Keeping Home Workers Engaged and Motivated
At the start of the year digital transformation programmes tended to be geared around 12- to 24-month horizons. Meeting targets often meant uniting different departments and personalities. Fast forward to today and responding to the pandemic has shown, when politics and agendas are put aside, what can be achieved in a few days or weeks.
However, while the pace of change has quickened, most disaster recovery plans didn’t envisage a complete 180° pivot to remote working. In fact, as the UK starts to reopen, we’re unlikely to see a full return to the office. With social distancing set to be with us for some time, many offices and contact centres might simply disappear; replaced by a hybrid workplace-home-working setup.
A comment from one of our customers, a food start-up, was especially telling. They didn’t believe they would ever revert back. Firstly, because any trust issues had been shattered and they now had ultimate proof that it is possible for people to work effectively from home. And secondly, because no one knows when the current crisis will pass and if future pandemics will be waiting around the corner.
One thing’s for sure: keeping remote workers motivated and switched-on is going to be harder and more important than ever and it needs to be firmly built into business continuity provisions.
Get the basics right
Home workers need fast-performing IT with the ability to stream video and large files. So, those that don’t have decent Wi-Fi and/or broadband connections may be better off back in their workplace. Perhaps employers should consider providing financial support for personal at-home upgrades, effectively giving equal opportunity for all.
In its Global Human Capital Trends report, Deloitte concluded that having the correct enabling infrastructure was the #1 driver of employee engagement globally. Putting the right tools in place to help agents do their jobs certainly helps keep them motivated. Imagine constantly toggling between screens, asking the same questions and re-keying data into multiple systems. That’s soul destroying. It’s also a downward spiral to negative customer experience from stressed, burnt-out staff.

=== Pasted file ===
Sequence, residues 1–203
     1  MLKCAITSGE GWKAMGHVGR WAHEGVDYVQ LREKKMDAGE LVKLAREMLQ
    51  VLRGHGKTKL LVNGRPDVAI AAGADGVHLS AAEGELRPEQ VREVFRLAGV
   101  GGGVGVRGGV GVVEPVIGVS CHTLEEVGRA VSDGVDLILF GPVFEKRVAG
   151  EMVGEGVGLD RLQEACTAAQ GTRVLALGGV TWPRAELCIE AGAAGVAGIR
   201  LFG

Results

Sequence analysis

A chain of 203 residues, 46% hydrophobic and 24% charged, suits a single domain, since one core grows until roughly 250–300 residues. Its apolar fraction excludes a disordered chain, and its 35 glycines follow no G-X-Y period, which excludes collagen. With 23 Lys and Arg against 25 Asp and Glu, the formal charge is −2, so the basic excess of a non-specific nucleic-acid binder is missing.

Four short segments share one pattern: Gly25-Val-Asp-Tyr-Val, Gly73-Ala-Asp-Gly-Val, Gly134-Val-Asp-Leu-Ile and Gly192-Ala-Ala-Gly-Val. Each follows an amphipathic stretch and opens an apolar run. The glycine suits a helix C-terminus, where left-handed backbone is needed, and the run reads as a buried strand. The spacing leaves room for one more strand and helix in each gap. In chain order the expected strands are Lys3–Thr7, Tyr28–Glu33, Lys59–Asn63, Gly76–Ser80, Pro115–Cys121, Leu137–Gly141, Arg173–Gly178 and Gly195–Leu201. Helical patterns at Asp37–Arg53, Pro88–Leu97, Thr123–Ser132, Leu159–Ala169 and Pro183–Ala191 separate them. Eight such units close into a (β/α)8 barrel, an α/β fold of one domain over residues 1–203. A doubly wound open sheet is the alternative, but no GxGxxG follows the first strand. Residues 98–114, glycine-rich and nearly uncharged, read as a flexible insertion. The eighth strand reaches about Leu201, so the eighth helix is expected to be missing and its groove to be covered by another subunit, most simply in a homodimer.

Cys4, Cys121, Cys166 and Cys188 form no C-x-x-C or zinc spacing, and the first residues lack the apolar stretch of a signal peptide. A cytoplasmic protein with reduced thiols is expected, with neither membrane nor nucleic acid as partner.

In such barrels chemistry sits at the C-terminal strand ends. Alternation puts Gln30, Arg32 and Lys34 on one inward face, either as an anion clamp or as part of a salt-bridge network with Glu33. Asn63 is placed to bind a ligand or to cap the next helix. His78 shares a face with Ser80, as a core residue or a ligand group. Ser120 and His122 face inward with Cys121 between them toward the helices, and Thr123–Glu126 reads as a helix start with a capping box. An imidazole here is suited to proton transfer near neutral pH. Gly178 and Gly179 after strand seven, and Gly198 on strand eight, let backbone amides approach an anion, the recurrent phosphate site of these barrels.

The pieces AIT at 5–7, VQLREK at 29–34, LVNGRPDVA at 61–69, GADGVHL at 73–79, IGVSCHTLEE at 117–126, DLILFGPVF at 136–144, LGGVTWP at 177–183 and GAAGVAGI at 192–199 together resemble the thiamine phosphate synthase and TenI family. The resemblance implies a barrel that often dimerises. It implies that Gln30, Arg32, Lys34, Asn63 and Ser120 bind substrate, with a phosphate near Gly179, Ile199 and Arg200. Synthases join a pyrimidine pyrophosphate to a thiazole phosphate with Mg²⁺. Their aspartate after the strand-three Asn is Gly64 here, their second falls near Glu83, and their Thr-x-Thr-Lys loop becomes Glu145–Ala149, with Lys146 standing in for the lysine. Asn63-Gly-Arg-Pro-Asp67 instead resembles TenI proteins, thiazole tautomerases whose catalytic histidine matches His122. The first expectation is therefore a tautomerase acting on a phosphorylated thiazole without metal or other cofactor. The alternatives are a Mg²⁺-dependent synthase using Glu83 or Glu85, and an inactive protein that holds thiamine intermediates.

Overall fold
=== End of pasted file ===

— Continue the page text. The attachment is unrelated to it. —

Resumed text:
Leverage unified communications and contact centre technology
Solutions like VoxivoCX and Genesys Cloud break down siloes so agents get more job variety and can move between virtual receptions, helpdesks, sales, marketing, order fulfilment and other roles. Think about using AI to automate frequently asked questions fields and basic tasks, thereby releasing staff at home to become knowledge workers. Other ideas include introducing new tools that:
- Make tasks simpler, reducing the need for managers and supervisors to regularly intervene
- Allow you to observe and coach staff from a distance through targeted training, using speech transcription and text analytics, for example
- Negate feelings of detachment and isolation by keeping staff engaged through regular contact (calls, chat, and video, not just email) along with challenges and competitions
What does a good working environment look like?
Peter Massey, MD and co-founder of Budd, made some interesting observations in a recent Foehn and MyCustomer webinar panel we jointly participated in. Studies have shown that where you have the right profile of people with the right motivation, productivity goes up quite considerably. But if you get the balance wrong and have people who don’t want to be working from home then productivity can fade and that can become more expensive.
Also knowledge workers can provide a better fit. They’re more used to working with a specific problem rather than a lot of people.
So, put a lot of focus on profile matching. The rewards are well worth it. Many top performing organisations have seen how high employee engagement multiplies positive customer experiences. And that’s paying back through fewer complaints, less sick absence and savings on recruitment and training.
Travel agency CTrip is a good example. The performance of home workers shot up by 13% over nine months. This gain came from a 9% increase in shifts (the time they were logged in to take calls) and a 4% increase in the number of calls handled per minute. When asked, staff attributed the improvements to quieter working conditions at home.
Importantly, attrition rates fell sharply by 50% among home workers compared to office workers. Home workers also reported substantially higher work satisfaction and had more positive attitudinal survey outcomes. The one downside was a 50% reduction in promotion opportunities, so something else to watch out for.
If you would like to learn more on topics like this, read our recent report on ‘CX Lessons from COVID-19 Lockdown‘.